The Hearing Process

Hearing Process

You request a hearing
(To appeal a decision or contest charges made against you)

Scheduling order sent
(Sets hearing dates and deadlines)

(Parties gather information for hearing)

(Parties may make requests of the judge.)

Prehearing conference
(Parties meet to prepare for hearing.)

(Parties present exhibits, testimony and arguments.)

Written Decision
(Outcome of case is announced)

Requesting a hearing

There are two reasons for requesting a hearing.

  • You disagree with a formal Department of Health order or decision. You may appeal the decision by sending us (Adjudicative Service Unit) a letter. All filings must be copied to the other party in your case. The other party is the Department of Health program whose decision you are appealing. Once we receive your appeal, we will send both sides in the case a scheduling order.
  • You are a health professional and you have received a statement of charges. You can request a hearing by sending us (Adjudicative Service Unit) an Answer to the Statement of Charges within 20 days of the date the Statement of Charges was served on you. You received an answer form with the Statement of Charges. When you send us your answer form, or any other information, you must also send a copy to the assistant attorney general listed in the Notice of Opportunity for Settlement and Hearing that you received with the Statement of Charges. After we receive your answer form, we will issue a Scheduling Order.

Scheduling Order

If a case is to be scheduled for a hearing, we will issue a Scheduling Order/Notice that lists critical dates and deadlines.


Discovery is the process during which the parties are allowed to obtain information from each other and the witnesses in order to prepare for the hearing.

During discovery the parties may request documents, interview witnesses and depose witnesses. The parties may use other methods to gather information if the Health Law Judge approves. Disputes and issues that can arise during the discovery process include access to records, access to witnesses and the scope of discovery. If the parties are unable to resolve a dispute, they may file a motion with the Adjudicative Service Unit.

The parties must complete the exchange of information by the discovery cut-off date contained in the Scheduling Order.


A motion is a party's oral or written request for the judge or presiding officer to make a decision or direct an action that favors the party making the motion. Dispositive motions are motions that, if granted, will dispose of the case. The Scheduling Order contains a specific deadline for making dispositive motions. All other motions must be made before the "all other" motions cutoff date set in the Scheduling Order. The procedure for making a motion is stated in the Washington Administrative Rules, WAC 246-10-403 and WAC 246-11-380.

Prehearing Conference

A prehearing conference is a meeting of the parties and the presiding officer. During the conference, the presiding officer reviews matters in preparation for the hearing, including the following topics:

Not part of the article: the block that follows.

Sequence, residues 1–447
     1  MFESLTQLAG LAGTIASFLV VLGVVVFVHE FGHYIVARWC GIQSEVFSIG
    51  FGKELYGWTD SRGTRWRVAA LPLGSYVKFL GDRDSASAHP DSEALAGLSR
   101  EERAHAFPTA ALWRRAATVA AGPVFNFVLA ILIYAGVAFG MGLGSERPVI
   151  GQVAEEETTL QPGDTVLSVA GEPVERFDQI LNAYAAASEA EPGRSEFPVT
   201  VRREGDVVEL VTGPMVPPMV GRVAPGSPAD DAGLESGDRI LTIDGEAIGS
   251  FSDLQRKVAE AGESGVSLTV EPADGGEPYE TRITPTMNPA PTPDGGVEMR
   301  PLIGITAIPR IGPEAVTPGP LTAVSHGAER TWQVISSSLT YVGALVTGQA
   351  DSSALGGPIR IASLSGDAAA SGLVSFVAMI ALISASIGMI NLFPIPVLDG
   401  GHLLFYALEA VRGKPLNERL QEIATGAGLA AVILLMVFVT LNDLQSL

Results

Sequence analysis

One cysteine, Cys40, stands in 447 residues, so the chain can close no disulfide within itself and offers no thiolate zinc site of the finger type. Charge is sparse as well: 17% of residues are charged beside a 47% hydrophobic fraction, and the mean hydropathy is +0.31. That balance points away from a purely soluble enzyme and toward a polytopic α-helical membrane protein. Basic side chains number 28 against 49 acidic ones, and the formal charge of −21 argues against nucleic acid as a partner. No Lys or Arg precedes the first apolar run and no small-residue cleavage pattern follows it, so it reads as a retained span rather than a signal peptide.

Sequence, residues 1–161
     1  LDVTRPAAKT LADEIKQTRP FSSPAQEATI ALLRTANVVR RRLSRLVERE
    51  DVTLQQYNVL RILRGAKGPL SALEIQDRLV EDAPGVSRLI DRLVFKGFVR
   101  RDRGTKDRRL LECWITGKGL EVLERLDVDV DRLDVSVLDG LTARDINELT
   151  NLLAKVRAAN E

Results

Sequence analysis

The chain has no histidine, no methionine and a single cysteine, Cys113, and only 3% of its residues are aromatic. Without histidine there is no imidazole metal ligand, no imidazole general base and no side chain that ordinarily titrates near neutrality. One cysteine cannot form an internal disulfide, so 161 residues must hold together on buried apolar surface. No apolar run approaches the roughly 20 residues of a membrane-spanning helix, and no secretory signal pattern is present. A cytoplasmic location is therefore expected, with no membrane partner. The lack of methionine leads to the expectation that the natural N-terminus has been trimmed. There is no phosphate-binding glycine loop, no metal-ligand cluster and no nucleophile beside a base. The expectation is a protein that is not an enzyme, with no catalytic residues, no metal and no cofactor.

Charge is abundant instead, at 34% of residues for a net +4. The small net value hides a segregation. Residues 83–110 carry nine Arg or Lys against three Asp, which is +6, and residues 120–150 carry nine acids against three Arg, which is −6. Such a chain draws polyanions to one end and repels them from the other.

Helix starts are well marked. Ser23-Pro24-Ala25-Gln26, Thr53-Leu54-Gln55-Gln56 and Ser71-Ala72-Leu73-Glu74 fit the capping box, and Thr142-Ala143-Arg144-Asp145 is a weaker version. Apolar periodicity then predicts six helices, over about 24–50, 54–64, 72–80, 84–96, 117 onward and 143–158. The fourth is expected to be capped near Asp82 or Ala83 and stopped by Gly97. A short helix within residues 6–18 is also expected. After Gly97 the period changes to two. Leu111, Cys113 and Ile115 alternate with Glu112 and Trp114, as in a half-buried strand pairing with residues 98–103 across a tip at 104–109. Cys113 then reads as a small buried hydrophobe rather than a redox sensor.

• Issues to be considered at the hearing.
  • Facts which are admitted or not contested.
  • Identification of exhibits that will be admitted at the hearing.
  • Identification of expert and lay witnesses.
  • Outstanding motions that have been filed.

The purpose of the prehearing conference is to prepare the parties for the hearing and to ensure that the hearing is completed on the scheduled hearing date. The procedure for a prehearing conference is stated in Washington Administrative Rules, WAC 246-10-404 and WAC 246-11-390.

Before the prehearing conference, the parties are required to file a prehearing statement which includes a list of all the witnesses and exhibits. (See deadline in scheduling order.)

If a party does not attend the prehearing conference, they will be considered in default, and an Order of Default may be issued.

Order Defining Conduct at Hearing

After the prehearing conference, the Health Law Judge will issue a Prehearing Order Defining Conduct at Hearing. This order establishes the procedure for the hearing.


A hearing is a formal meeting before a decision-maker where issues of fact and law are tried. Each party has the opportunity to present their witnesses and exhibits and to question the witnesses about issues of fact. At the end of the hearing, each party can present an argument to the presiding officer and/or board as to what should be the appropriate decision. Argument must be based on the evidence presented. A court reporter attends the hearing to record the proceeding. Generally, the hearing is open to the public.


Decisions will be in writing and are generally served upon the parties within 45-90 days after the hearing. The decision-maker uses the sanctions in health profession discipline cases. The Nursing Care Quality Assurance Commission also has its own guidelines.